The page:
On the second attempt, with the rear diff lock engaged, the Amarok made light work of the hill climb, thanks in part to the electronic traction control remaining
active on the front axle.
Rear-wheel travel looked impressive and front-wheel travel more than adequate for the task at hand, and the Amarok didn’t bottom out on the climb.
THE Amarok Ultimate is loaded with gear, from its 14-way adjustable heated leather seats to its colour touchscreen with sat-nav and Apple CarPlay and Android Auto connectivity. Convenience features include four 12V power outlets and, on the safety front, the Amarok has the lot: front head and thorax airbags, auto pre-collision braking system, stability control, trailer stabilisation, parking sensors, reversing camera, tyre-pressure monitor, and much more. The lack of rear seat side airbags is a concern for many potential buyers.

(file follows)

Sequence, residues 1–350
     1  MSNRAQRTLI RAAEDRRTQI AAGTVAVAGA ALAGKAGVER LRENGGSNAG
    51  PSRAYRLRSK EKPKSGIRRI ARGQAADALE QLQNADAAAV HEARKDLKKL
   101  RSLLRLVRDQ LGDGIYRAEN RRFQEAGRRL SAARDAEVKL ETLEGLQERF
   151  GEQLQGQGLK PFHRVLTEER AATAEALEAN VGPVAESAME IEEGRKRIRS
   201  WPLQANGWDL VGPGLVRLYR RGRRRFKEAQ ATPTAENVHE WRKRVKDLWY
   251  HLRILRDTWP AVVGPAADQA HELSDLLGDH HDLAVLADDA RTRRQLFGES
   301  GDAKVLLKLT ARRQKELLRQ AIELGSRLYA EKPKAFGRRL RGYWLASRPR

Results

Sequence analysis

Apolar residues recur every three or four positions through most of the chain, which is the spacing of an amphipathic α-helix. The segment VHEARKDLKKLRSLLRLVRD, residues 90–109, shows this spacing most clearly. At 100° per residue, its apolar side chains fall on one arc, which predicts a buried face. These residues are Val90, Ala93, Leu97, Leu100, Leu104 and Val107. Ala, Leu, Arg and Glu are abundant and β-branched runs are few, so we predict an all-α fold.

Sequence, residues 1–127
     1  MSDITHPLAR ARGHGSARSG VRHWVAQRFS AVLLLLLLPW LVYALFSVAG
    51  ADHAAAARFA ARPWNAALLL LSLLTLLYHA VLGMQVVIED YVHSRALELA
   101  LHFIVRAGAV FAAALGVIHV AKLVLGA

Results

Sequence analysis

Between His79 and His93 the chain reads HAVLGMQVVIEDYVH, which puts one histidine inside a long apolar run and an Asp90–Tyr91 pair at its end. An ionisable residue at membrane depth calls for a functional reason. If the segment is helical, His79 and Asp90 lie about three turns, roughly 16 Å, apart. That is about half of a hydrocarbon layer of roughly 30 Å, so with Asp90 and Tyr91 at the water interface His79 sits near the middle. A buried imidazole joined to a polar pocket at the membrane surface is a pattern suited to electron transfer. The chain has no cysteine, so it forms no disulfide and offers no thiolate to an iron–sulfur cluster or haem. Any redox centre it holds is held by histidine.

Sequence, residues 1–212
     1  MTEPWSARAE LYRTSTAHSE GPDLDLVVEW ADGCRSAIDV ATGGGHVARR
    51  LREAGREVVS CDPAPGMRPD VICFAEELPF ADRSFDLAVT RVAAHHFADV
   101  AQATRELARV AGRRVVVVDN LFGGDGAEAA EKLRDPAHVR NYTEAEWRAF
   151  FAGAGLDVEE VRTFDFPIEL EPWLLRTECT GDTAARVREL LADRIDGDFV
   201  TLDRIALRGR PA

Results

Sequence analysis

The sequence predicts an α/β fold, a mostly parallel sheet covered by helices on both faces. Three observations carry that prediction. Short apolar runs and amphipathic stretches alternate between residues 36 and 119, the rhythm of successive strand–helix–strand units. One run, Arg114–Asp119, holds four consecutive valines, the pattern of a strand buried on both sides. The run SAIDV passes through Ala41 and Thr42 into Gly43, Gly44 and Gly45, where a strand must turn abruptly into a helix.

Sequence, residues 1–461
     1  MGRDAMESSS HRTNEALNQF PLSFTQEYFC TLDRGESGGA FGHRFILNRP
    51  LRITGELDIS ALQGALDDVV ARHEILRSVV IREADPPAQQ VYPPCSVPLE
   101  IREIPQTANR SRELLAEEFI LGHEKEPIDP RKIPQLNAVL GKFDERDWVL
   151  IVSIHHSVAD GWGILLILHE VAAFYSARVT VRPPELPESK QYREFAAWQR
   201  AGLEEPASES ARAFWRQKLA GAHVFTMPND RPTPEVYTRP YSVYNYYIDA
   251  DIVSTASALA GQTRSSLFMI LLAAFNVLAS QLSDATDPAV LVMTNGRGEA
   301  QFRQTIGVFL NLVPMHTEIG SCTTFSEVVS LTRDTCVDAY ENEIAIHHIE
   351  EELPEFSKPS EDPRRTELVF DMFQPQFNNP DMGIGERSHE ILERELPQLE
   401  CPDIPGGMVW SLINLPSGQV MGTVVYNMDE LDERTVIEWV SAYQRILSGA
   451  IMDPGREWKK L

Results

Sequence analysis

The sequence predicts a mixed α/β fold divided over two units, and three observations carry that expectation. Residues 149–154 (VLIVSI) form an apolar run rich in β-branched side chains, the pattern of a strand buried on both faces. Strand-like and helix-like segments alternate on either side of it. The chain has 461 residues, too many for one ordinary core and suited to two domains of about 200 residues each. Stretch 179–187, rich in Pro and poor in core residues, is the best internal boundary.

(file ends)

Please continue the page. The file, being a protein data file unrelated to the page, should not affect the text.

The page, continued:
Front seat occupants are spoilt with super-comfortable seats and the range of adjustment means anyone will find a comfortable seating position in the Amarok. Rear-seat passengers will also be happy with their pew. There’s generous shoulder room for three adults and good headroom for the outboard passengers, although leg room will be an issue for taller occupants. The leather trim looks fantastic and the rest of the interior appointments are of a very high quality.
The Amarok has a generous tray and is the only vehicle in its class that will accept a full-width pallet between the wheel arches – bragging rights indeed.
T g le m s p s o
THE Amarok’s wading depth is only 500mm, and a glance under the bonnet explains why: the air intake is located behind one of the headlights and the alternator is positioned quite low in the engine bay. You’ll also need to dig out a screwdriver to access the air filter, and there’s no space in the engine bay for a second battery.